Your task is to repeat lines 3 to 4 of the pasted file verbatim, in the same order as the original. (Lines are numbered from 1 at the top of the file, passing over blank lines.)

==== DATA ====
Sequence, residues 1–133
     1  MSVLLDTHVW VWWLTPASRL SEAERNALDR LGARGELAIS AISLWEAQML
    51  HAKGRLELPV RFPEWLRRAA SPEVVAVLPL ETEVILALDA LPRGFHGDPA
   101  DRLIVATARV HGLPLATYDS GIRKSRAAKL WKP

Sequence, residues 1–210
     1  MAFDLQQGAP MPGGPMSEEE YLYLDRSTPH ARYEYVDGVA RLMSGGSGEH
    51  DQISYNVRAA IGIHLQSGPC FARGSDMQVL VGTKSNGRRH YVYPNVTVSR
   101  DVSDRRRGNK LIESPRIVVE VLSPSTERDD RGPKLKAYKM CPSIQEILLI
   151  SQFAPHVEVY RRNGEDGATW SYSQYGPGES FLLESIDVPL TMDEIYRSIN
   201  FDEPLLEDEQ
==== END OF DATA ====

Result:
    51  HAKGRLELPV RFPEWLRRAA SPEVVAVLPL ETEVILALDA LPRGFHGDPA
   101  DRLIVATARV HGLPLATYDS GIRKSRAAKL WKP